It continues terribly dry, though a bit of rain is forecast for Thursday, so I decided to do my full-day shepherd a day early and keep Thursday for a (hopefully!) rainy day of finishing my quarterly taxes. The bugs are gaining on the sheep in the lucerne (for those who missed earlier posts on this, I have aphids/mites turning my beautiful stand of lush green lucerne (alfalfa) into yellow standing hay). So I'm bringing the sheep back in to try to graze as much more of it as I can get them to eat. After yesterday's high precision shepherding, my plan for the lucerne is laissez-faire--except for a couple of bare stretches in the lucerne, I plan to let them graze at will--hence the several arrows on the map. It will be a very warm, breezy day, and I expect I'll be champing at the bit for them to get going after mid-day rest. I'm trying to keep in mind the words of Australian cartoonist Leunig, between Vasco Pyjama and guru Mr Curly. Vasco asks Mr Curly, "What is worth doing and what is worth having?", and the guru responds: "It is worth doing nothing and having a rest." He goes on to talk at length about the evil effects of prolonged fatigue on the whole world, and finishes with, "So I gently urge you, Vasco, do as we do in Curly Flat--learn to curl up and rest--feel your noble tiredness--learn about it and make a generous place for it in your life and enjoyment will surely follow." Sheep are superb at doing this in the middle of the day. I have lots to learn from them. Follow whitegumwool on Instagram for real time photos. No photos during nap-time, so you can get some rest, too.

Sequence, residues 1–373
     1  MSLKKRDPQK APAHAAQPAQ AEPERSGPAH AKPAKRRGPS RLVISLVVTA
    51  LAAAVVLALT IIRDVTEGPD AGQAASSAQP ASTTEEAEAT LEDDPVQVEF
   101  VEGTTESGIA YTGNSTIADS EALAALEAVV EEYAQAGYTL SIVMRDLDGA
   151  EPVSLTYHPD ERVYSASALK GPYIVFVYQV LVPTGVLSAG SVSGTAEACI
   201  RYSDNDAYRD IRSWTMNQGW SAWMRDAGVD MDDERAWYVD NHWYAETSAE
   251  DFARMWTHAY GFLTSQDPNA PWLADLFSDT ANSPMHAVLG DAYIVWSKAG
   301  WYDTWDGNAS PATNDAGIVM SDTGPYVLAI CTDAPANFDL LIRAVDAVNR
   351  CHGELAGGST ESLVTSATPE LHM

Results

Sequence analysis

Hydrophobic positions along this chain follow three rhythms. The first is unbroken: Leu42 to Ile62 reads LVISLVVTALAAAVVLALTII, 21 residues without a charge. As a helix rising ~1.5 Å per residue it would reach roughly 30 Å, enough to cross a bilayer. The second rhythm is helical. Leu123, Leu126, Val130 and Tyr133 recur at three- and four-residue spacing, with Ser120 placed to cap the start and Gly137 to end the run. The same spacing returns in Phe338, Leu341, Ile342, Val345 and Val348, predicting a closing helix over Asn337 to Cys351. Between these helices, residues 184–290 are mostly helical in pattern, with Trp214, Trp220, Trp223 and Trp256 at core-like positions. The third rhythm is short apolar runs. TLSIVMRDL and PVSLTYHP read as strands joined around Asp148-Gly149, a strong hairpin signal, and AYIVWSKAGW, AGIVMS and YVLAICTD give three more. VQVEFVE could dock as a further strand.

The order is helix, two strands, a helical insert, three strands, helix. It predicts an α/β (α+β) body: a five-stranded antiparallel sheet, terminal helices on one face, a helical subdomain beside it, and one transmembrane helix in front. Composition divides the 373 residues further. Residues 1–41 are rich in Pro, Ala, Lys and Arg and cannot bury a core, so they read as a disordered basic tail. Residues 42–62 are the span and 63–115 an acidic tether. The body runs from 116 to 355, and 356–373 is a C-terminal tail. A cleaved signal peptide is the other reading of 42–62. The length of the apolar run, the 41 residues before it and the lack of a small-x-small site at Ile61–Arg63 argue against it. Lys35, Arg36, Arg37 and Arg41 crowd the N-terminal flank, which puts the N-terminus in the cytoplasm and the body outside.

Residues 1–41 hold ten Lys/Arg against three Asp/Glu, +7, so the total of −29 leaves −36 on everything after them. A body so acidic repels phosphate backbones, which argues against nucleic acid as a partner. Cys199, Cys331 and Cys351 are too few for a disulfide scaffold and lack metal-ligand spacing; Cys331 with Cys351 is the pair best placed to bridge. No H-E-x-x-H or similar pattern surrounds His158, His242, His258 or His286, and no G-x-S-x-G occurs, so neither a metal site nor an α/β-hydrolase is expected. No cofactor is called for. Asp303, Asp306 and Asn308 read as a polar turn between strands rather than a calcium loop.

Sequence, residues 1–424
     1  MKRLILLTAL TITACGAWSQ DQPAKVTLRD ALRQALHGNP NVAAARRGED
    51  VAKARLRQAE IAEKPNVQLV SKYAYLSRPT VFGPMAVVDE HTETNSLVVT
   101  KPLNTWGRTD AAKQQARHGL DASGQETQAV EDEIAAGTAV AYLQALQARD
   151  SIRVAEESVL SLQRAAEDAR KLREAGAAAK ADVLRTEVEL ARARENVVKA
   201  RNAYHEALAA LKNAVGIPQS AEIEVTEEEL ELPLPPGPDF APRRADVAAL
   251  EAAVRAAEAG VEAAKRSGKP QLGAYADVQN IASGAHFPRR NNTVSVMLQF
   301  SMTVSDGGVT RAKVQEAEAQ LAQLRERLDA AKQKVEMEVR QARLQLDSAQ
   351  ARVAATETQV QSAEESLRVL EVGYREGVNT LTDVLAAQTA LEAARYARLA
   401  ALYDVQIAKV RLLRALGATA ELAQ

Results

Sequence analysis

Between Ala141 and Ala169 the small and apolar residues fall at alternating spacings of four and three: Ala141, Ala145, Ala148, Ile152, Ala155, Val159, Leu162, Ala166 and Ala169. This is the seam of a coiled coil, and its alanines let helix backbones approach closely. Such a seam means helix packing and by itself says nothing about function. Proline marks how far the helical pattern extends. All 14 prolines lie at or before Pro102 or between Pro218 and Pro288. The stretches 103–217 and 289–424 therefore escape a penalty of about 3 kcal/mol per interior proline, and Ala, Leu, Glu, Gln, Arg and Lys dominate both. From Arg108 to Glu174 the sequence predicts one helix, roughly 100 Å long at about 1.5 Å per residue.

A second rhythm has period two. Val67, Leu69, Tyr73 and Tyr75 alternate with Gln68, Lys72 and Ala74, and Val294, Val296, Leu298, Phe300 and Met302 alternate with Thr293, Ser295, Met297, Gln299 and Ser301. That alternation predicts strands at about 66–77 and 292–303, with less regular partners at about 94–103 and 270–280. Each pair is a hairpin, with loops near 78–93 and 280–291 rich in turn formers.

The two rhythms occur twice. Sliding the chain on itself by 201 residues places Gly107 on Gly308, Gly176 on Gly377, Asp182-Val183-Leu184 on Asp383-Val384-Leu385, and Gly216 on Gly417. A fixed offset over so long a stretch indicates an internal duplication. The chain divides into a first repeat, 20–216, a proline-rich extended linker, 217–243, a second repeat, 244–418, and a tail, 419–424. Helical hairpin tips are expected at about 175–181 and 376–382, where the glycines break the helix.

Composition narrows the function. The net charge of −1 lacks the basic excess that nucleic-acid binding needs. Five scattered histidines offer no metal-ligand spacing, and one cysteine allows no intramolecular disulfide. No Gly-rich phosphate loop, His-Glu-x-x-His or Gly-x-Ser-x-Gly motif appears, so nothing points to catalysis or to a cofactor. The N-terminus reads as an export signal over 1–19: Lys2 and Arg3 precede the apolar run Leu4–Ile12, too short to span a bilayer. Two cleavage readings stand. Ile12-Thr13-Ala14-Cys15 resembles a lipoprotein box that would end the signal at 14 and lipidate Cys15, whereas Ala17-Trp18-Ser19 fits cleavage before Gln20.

END OF DAY NOTES: All in all, a good day. When it gets warm early and stays warm it makes the sheep reluctant to move, so I was pleasantly surprised at how well they grazed both before and after mid-day rest. Because we didn't have the usual sojourn in the native pasture before MDR, I think they got tired of the lucerne more quickly, and were very ready to settle down and graze the nice grass in Curly Sedge Creek at the end of the circuit. Just shows you how diversity needs to be woven into each day's diet. Personally, a really good day. I had a great nap, even took my socks off--a rare event shepherding in Tas, believe me! I woke to the sound of many twittering birds, including, as it turns out, several flame robins along with the fairy wrens, silvereyes, skylarks and something I've yet to identify. Oh, and I had the most spectacular eagle fly-over--3, one at a time, right over the she-oak and not more than 20 feet up. Instead of reaching for my camera, I simply gaped. It's always a good spot to hear birds, but today was special. These are the things I set against the ongoing dryness and feeling sad about the state of the landscape.